Arctic Inspiration Prize announces it’s going virtual

Winners of the prizes up to $1 million will be announced Feb. 19 on APTN

Performers from the 2019 Arctic Inspiration Prize Awards ceremony are pictured here, pre-COVID-19. (Photo courtesy of AIP)

By Mélanie Ritchot

The ceremony for the Arctic Inspiration Prize will shift online this year due to the COVID-19 pandemic, making it accessible “from coast to coast to coast,” according to a news release from the prize organization and APTN.

“The AIP is one of Canada’s best kept secrets and we’re thrilled to be able to give this incredible prize, its laureates and the performers from the North the national reach they so deserve,” Monika Ille, CEO of APTN, said in the release.

One $1-million prize, up to four $500,000 prizes and up to seven youth prizes of $100,000 will be awarded to teams for innovative projects related to education, sustainable housing, health, performance art, traditional knowledge, language and science, states the release.

Two Nunavut projects and two Nunavik projects are among the finalists this year.

Iqaluit-based music program “Imaa, Like this” is in the running for the top prize. Run by the Iqaluit Music Society, the program aims to teach Inuit children traditional music, including throat singing and drum dancing.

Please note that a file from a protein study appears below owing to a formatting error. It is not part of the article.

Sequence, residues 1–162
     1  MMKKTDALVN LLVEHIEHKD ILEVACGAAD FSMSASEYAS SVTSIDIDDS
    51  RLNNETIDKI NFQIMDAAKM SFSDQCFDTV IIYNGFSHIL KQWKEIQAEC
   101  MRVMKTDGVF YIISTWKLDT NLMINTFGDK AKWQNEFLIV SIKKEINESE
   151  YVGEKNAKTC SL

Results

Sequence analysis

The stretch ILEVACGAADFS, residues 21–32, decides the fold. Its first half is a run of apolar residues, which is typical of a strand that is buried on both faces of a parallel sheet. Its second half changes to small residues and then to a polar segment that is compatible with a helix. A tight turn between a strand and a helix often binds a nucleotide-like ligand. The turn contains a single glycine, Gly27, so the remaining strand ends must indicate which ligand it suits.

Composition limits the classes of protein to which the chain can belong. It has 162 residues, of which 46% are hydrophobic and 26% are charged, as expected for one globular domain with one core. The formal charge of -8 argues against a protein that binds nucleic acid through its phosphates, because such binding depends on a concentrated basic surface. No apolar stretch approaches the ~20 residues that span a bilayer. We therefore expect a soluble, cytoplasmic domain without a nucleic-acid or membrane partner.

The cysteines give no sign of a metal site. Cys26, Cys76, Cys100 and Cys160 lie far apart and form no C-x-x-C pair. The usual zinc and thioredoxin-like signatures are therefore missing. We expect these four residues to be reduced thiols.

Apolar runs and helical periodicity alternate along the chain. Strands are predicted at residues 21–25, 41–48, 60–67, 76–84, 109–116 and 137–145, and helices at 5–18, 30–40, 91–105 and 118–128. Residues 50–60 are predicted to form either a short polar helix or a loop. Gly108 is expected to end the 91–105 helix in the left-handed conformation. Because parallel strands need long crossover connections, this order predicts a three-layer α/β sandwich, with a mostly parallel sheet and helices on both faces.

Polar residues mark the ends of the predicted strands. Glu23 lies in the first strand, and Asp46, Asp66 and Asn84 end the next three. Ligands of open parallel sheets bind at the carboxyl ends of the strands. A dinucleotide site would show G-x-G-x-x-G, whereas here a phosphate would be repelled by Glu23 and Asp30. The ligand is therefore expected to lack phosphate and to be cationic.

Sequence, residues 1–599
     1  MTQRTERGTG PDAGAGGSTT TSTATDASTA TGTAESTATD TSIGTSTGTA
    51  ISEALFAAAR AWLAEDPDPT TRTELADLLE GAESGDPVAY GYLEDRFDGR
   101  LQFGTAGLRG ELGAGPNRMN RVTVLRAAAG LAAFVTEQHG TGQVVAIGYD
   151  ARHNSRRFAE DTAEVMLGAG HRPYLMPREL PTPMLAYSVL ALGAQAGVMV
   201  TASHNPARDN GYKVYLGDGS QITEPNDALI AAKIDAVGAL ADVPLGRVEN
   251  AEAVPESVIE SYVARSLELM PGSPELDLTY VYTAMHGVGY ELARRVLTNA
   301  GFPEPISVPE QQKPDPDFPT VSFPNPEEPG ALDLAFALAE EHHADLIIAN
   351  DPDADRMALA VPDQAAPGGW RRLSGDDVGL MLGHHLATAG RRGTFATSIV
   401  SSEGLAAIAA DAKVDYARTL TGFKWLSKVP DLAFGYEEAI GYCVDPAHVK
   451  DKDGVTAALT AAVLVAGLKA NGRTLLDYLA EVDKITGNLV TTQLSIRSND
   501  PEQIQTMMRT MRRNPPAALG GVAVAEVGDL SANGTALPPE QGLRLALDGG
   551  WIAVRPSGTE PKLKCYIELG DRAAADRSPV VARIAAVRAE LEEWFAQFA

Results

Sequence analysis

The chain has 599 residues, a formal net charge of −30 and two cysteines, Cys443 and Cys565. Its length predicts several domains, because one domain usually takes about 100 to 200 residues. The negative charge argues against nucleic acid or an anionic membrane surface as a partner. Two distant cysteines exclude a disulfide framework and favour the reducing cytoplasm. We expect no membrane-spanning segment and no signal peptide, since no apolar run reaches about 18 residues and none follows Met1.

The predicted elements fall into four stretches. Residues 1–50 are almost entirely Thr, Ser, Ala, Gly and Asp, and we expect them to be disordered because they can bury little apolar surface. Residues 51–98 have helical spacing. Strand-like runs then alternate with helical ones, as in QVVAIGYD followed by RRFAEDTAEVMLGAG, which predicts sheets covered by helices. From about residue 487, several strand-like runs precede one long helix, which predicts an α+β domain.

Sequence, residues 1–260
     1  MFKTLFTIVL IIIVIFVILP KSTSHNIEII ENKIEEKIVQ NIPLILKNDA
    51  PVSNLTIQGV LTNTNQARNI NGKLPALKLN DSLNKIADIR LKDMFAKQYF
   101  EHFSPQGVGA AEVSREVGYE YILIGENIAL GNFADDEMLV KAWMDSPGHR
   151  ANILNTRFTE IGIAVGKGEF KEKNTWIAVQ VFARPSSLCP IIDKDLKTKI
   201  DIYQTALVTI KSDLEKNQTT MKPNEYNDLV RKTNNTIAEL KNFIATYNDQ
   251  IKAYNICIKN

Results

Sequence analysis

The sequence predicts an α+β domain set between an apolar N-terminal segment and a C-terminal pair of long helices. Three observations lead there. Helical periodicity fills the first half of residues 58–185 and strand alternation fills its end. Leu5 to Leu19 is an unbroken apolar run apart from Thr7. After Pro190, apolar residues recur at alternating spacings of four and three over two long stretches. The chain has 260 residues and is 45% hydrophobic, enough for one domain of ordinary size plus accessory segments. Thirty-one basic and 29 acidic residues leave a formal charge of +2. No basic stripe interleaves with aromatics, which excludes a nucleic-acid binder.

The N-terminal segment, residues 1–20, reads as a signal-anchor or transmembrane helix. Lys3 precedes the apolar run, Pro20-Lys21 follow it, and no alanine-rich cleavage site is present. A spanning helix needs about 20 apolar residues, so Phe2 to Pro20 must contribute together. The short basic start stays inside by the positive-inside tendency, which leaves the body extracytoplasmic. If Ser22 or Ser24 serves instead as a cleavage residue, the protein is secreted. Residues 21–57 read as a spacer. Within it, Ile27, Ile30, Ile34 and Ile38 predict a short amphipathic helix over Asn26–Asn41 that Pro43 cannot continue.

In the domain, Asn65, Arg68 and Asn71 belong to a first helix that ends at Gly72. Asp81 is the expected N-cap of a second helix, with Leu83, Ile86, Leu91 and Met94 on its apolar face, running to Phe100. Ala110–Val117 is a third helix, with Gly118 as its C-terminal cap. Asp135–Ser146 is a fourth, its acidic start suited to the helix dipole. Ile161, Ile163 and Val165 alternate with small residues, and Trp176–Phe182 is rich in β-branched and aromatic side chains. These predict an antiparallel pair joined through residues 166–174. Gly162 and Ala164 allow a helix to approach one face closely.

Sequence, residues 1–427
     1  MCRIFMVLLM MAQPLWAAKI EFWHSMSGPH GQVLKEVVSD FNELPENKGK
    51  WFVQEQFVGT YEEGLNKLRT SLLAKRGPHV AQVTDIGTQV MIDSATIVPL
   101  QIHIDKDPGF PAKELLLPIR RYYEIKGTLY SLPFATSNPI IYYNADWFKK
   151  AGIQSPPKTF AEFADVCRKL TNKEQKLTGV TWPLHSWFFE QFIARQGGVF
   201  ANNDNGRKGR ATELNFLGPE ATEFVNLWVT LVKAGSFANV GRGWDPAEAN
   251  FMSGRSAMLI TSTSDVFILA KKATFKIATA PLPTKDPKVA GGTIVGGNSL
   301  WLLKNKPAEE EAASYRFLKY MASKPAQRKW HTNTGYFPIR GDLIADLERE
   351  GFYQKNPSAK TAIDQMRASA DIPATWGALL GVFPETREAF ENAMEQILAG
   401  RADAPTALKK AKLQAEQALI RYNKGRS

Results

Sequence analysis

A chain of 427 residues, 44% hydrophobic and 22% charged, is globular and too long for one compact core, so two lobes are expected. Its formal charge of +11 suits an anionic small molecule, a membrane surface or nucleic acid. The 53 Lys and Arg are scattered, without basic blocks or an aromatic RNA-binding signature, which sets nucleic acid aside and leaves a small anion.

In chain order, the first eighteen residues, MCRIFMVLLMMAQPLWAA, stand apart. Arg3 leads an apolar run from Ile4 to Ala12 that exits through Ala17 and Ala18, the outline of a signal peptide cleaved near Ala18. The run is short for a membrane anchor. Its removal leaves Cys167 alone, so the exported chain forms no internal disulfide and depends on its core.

The Nunavik-based project competing for the $1-million prize is run by the Isuarsivik Regional Recovery Centre.

The project aims to bring together elders, addiction counsellors, hunters, scholars and community members in a holistic approach to addiction counselling.

The second Nunavut project in the running is a food sovereignty project based in Taloyoak, which is up for a $500,000 prize.

Nunavik’s school board, Kativik Ilisarniliriniq, also has a project in the $500,000 category, which involves educating residents about hearing loss and providing access to hearing care.

The theme of this year’s performances is “their blood runs through our blood,” and artists set to perform include Nunavut’s Silla & Rise, the Yukon’s Dakhká Khwáan Dancers, Wesley Hardisty from the N.W.T., and The Pan Lab Alumni Choir from Nunatsiavut.

Last year, the winner of the $1 million top prize was Northern Compass, a program that helps youth in Nunavut and the Northwest Territories navigate post-secondary education in the south.

APTN will broadcast the ceremony on Feb. 19 at 7:30 p.m. CST, and make it available to stream online at 8:30 p.m. CST. It will be available to watch for free for 24 hours.

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